Celebrating National Pen Pal Day!

June is here and with it brought National Pen Pal Day on the 1st. While with the rise of technology having a pen-pal might seem to be a thing of the past, it is something I still partake in with a few close friends and family members. In the age of texting and emailing, receiving a letter feels that much more special and personal. There is just something about seeing someone’s handwriting and knowing that they took to the time out of their day to write to you that is irreplaceable.

Letters have always been significant, not just to the people sending and receiving them, but to historians as well. They are valuable records that act as time capsules. Throughout the centuries they have been used to analyze and discover the personality of some of history’s most notable figures and improve our comprehension of what it was like to be alive during various eras. Through letters we have been able to form the face behind some of the greatest writers and give context to their writing. This can be seen in some of the books in our collection. From the Forbidden Garden: Letters from Alejandra Pizarnik to Antonio Beneyto edited by Carlota Caulfield (2003) is an assemblage of letters written by the Latin poet that paint a portrait of Pizarnik’s self-discovery and her artistic nature. They consist of detailed drawings and doodles she sent to her correspondent. Collected Writings of Charles Brockden Brown: Letters and Early Epistolary Writings, Volume 1 edited by Philip Barnard, Elizabeth Hewitt and Mark L. Kamrath (2013) include 179 letters written by Brown that showcase his personal life and the revolutionary era he lived in. His pen-pals included Thomas Jefferson and Albert Gallatin.  Gender, Authenticity, and the Missive Letter in Eighteenth-Century France: Marie-Anne de La Tour, Rousseau’s Real-Life Julie by Mary McAlpin (2006) examines the relationship between pen-pals Marie-Anne de La Tour and the famous Jean-Jacques Rousseau. McAlpin studies what these letters reveal about the character of the philosopher and de La Tour. If it weren’t for their letters, we wouldn’t have as deep an understanding of these writers outside of their writings.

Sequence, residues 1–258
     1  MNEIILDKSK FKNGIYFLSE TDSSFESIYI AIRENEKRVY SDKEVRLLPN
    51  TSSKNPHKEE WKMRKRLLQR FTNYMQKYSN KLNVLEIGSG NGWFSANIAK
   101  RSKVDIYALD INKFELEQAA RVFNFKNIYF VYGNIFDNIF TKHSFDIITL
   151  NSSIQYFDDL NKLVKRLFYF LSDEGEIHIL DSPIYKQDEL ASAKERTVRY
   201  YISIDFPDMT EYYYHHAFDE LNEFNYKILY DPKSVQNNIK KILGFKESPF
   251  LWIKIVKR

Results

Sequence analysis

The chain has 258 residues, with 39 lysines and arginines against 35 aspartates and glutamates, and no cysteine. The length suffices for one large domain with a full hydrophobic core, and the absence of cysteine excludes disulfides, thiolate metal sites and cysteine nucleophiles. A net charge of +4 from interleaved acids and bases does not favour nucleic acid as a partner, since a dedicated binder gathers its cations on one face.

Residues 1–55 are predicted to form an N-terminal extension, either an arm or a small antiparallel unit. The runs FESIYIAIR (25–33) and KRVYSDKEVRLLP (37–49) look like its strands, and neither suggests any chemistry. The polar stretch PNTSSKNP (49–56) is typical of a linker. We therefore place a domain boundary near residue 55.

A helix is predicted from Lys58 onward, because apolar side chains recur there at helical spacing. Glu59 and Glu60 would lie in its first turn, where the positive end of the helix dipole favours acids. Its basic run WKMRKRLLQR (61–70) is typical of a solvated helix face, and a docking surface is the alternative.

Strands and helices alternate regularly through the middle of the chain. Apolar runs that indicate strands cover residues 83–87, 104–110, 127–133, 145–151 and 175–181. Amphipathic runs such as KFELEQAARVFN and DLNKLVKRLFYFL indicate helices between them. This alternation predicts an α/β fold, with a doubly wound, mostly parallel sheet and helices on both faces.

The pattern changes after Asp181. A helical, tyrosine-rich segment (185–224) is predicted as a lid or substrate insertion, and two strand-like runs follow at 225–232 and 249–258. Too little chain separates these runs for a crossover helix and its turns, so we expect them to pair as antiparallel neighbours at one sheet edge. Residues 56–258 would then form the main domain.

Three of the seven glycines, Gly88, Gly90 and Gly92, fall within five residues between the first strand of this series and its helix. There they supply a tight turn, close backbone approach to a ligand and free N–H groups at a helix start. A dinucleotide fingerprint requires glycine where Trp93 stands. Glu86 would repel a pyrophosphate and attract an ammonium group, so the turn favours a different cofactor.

So in honor of National Pen Pal Day, try sending a letter to a friend or family member. Or use one of the many sites you can find online to set you up with a pen pal from around the world.  I guarantee it will brighten their day. And who knows, maybe years from now your letter will end up crossing the path of someone hoping to understand more about living in the 21st century.